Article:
Cracking the Dawn Phenomenon: Understanding and Conquering Morning Blood Sugar Spikes
What is the dawn phenomenon, and how can we address it? Many individuals anticipate that their blood sugar levels should be relatively low upon waking in the morning after a night of fasting. However, a common observation is that even with no food intake throughout the night, fasting blood sugar can be unexpectedly high in the morning and peak during the day.
Recently, I reviewed the dynamic blood glucose meter data of a senior diabetic patient, revealing a spike in blood sugar in the morning after a gradual climb during the night. This perplexing occurrence is known as the dawn phenomenon, a fairly common experience for many.
In this article, we’ll explore the dawn phenomenon, understand why it occurs, and discuss potential solutions.
Why does the dawn phenomenon occur?
The term “dawn phenomenon” refers to elevated blood sugar levels in the morning, typically between 4 and 8 a.m. This phenomenon is a result of the body entering wake-up mode as the sun rises, preparing us for the day. Hormones play a crucial role in raising blood sugar during this period:
- Adrenaline prompts the muscles to release large amounts of blood to break down glycogen.
- Glucagon signals the liver to release glucose into the bloodstream.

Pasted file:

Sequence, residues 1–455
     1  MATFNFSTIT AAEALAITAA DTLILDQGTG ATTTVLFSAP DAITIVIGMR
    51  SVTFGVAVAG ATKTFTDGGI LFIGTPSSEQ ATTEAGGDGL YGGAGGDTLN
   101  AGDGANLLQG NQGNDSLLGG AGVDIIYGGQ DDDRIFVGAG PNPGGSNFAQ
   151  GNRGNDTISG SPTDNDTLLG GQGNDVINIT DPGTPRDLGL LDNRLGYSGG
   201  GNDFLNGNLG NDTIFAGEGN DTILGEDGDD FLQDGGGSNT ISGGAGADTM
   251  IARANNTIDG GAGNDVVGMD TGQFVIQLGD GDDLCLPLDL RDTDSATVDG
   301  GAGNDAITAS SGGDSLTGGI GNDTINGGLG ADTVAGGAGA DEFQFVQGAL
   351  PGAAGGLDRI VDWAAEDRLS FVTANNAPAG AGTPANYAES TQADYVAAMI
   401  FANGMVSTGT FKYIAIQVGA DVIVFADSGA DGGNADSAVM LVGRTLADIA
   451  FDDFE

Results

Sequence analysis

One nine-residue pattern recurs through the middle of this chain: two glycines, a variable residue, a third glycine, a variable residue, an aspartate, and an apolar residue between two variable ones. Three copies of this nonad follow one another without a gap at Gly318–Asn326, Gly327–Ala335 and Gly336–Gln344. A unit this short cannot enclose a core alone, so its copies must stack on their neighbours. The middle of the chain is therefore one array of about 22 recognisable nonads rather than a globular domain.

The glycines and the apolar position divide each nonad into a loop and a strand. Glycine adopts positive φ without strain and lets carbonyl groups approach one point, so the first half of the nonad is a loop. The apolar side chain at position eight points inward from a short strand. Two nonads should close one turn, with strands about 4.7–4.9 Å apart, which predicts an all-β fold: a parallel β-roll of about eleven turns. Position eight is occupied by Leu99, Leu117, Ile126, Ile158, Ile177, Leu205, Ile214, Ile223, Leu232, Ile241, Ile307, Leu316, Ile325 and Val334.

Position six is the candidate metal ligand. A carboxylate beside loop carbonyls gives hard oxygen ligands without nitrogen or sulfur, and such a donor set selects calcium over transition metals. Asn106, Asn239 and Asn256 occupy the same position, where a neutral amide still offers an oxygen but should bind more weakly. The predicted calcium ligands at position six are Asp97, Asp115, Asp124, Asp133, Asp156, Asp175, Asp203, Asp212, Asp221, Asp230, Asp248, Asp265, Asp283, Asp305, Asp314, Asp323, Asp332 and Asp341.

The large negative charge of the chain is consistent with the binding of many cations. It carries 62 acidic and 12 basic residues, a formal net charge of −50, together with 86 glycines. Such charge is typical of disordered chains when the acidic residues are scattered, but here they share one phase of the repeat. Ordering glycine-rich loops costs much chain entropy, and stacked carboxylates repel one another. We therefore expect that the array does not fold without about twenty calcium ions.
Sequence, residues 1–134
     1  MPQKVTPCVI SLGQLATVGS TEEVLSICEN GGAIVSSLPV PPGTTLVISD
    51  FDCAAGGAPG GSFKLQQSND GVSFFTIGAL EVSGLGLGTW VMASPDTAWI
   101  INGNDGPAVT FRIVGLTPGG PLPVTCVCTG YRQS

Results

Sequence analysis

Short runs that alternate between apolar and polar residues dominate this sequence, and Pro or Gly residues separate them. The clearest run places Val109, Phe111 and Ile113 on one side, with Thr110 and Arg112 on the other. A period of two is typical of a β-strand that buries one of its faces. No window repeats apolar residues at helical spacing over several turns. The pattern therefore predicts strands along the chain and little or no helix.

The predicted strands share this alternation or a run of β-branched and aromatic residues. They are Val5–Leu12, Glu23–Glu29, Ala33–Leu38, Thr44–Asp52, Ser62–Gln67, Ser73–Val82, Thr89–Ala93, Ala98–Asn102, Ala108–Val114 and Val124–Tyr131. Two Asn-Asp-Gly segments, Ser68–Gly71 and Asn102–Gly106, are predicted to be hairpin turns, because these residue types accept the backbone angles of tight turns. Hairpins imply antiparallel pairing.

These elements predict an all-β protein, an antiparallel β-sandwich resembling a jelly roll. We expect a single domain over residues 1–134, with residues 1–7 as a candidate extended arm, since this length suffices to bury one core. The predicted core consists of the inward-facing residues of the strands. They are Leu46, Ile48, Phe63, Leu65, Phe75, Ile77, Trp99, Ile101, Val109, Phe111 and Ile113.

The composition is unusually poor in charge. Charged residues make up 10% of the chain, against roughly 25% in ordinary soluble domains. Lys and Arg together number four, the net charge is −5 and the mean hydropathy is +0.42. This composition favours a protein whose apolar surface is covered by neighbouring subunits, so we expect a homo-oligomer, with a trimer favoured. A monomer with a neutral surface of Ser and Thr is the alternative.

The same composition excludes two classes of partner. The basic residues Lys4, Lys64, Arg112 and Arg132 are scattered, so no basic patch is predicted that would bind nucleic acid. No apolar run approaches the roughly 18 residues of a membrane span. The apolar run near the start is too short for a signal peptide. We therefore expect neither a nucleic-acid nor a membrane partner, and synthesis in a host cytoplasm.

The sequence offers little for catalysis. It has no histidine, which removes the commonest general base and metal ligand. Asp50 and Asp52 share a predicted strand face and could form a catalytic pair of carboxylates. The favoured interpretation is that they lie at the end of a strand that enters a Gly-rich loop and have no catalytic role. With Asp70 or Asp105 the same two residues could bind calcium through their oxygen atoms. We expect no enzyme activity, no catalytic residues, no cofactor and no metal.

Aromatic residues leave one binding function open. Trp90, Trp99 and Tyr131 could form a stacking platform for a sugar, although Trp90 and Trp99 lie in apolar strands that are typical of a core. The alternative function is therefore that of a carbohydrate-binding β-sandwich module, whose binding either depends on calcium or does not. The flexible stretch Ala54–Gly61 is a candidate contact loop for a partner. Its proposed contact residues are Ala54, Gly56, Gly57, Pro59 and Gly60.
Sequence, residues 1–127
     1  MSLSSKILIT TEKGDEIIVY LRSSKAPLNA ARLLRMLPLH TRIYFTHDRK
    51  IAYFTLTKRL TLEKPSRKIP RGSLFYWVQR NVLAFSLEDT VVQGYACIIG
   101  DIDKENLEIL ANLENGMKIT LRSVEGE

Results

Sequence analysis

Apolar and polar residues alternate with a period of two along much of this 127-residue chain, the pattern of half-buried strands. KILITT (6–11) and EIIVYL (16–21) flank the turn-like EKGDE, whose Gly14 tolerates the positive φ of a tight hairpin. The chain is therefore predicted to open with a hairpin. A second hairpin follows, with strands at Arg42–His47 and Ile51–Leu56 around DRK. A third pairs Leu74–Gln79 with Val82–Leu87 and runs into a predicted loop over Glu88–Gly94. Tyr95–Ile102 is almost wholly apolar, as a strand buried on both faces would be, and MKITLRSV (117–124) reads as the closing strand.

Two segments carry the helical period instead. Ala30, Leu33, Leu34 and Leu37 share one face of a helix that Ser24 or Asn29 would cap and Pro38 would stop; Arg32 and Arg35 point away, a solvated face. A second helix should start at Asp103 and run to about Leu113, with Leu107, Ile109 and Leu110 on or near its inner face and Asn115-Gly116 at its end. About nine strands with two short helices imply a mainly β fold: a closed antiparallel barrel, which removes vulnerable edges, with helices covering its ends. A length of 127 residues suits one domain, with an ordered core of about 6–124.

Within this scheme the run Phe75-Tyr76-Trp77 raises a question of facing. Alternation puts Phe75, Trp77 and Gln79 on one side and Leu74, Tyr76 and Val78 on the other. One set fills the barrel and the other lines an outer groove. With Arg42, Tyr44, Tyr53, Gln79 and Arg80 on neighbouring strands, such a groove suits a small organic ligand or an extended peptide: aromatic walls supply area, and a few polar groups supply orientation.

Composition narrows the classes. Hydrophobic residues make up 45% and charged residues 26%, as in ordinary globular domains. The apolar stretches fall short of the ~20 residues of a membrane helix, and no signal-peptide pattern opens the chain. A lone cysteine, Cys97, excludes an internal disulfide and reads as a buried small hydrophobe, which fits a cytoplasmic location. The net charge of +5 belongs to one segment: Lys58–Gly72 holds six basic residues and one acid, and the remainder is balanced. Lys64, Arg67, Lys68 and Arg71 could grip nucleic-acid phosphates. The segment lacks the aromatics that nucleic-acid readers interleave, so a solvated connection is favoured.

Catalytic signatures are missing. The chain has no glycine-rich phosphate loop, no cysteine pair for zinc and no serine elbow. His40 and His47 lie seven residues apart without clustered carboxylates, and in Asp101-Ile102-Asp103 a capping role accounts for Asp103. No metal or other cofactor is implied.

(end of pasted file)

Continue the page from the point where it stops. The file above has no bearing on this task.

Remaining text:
- Growth hormone and cortisol work together in this wake-up process.
In the liver, two significant changes occur during these hours: glycogenolysis (release of stored glucose) and gluconeogenesis (conversion of protein to glucose). The body responds to the ensuing spike in blood sugar by releasing insulin, which transports glucose to cells, stabilizing blood sugar levels.
Dawn phenomenon in diabetes
The dawn phenomenon is a physiological event that can affect anyone, regardless of diabetes. In individuals with normal insulin secretion, this process operates smoothly. However, in insulin-resistant individuals, especially those on low-carb diets, the assembly line becomes jammed, leading to difficulty in processing elevated blood sugar.
For diabetics, especially those following low-carb diets, morning blood sugar levels can be higher than post-meal levels. Insulin resistance and the body’s inability to lower blood sugar without exogenous insulin are key factors contributing to elevated morning fasting blood sugar.
While a low-carb diet may lead to improved insulin sensitivity and reduced fasting blood sugar for many, severe insulin resistance may limit the extent of these benefits. It’s essential to consider additional markers beyond fasting blood sugar, such as glycosylated hemoglobin.
Besides the dawn phenomenon, various factors can contribute to elevated fasting blood sugar in individuals following a low-carbohydrate diet.